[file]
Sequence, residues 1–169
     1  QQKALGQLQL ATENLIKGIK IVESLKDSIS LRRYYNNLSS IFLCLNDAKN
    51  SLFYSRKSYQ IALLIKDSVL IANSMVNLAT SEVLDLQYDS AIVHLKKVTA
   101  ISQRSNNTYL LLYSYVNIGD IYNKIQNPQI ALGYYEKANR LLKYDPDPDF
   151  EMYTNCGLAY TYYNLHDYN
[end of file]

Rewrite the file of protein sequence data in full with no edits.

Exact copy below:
Sequence, residues 1–169
     1  QQKALGQLQL ATENLIKGIK IVESLKDSIS LRRYYNNLSS IFLCLNDAKN
    51  SLFYSRKSYQ IALLIKDSVL IANSMVNLAT SEVLDLQYDS AIVHLKKVTA
   101  ISQRSNNTYL LLYSYVNIGD IYNKIQNPQI ALGYYEKANR LLKYDPDPDF
   151  EMYTNCGLAY TYYNLHDYN